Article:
The economics at work here could mean many passengers are priced out of this mode of transit; especially if citizens are fundamentally price sensitive. The MRTS is a low cost, high volume mode of transit with the highest fare fixed at Rs.10, even for a 15km plus journey. That isn’t the case for the Metro, where one would spend Rs.50 or Rs.60 for the same distance, excluding the cost of any last mile connections. There is an online petition challenging this proposed merger.
Mobility as a Service
Any good public transit system needs to have a people-centric approach. This includes using existing transport networks to form an integrated transport system. Here is where Mobility as a Service (MaaS) comes in – “The integration of different transport services into one single mobility offer in which public transport is at the epicenter.”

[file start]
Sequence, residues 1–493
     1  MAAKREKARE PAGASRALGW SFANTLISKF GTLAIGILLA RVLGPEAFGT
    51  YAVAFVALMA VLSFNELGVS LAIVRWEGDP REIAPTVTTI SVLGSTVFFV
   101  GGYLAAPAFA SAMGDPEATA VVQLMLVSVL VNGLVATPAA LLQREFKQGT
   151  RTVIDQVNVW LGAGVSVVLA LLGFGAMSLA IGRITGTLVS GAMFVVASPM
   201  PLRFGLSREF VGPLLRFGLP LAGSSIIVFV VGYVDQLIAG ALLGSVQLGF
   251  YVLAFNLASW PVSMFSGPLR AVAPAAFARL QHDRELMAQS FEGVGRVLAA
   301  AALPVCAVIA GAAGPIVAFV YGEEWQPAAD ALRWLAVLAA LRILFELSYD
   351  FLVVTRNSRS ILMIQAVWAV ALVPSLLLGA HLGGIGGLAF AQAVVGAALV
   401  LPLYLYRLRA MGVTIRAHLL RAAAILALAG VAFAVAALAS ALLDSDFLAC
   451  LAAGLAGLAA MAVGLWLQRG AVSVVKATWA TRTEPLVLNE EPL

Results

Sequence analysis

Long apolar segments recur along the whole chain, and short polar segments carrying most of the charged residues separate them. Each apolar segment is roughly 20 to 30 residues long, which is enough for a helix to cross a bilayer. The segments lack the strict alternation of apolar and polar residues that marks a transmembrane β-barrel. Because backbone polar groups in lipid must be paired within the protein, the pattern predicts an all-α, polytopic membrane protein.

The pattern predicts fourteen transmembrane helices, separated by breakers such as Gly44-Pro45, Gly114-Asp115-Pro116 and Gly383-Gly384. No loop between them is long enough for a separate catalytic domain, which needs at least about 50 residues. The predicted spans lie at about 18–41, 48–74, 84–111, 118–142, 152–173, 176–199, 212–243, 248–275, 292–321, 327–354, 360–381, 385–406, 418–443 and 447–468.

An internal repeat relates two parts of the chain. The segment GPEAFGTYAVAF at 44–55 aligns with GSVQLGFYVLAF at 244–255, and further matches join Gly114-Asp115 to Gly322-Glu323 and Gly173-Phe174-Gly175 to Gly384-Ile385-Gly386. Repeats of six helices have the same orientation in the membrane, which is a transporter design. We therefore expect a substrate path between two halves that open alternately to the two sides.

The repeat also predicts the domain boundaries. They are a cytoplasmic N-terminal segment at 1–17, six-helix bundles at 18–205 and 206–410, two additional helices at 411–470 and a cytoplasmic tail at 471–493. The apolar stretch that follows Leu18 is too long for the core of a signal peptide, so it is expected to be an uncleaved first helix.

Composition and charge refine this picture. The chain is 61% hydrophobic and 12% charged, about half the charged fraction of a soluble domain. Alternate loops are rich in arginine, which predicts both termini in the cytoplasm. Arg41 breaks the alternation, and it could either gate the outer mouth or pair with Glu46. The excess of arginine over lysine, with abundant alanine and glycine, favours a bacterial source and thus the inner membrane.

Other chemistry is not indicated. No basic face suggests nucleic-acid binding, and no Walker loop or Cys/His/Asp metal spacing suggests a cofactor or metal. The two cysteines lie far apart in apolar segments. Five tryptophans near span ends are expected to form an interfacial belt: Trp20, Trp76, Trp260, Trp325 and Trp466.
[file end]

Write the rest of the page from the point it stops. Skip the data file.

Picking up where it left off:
The main form of public transport in the city is the MTC buses. With more than 3000 buses plying across the city, carrying more than 45 lakh people on an average daily, buses, due to their connectivity and low cost remains a popular form of public transport, thanks to good connectivity and low cost.
The CMRL, according to its latest annual report mentions Multi Modal Integration as a highlight of its project – “Being an urban Mass Rapid Transport, CMRL is an emerging service and has taken up the task of Multi Modal Integration (MMI) right from the construction stage.”
Chennai is expected to grow at an annual average rate of 8.1% between now and 2035. This will make it among the 10 fastest growing cities in the world according to an Oxford Economics report. This means a growing population, rapid urbanisation and an increase in jobs. Mobility will play a vital role in how the city will shape up and public transit will be central to that.
As G Ananthakrishan points out, the top priority for today should be the bare-bones, old-style linking of buses and trains in Chennai. The completion of the Chennai Metro and the recent operationalisation of the Chennai Unified Metropolitan Transport Authority (CUMTA) must provide the impetus to achieve that.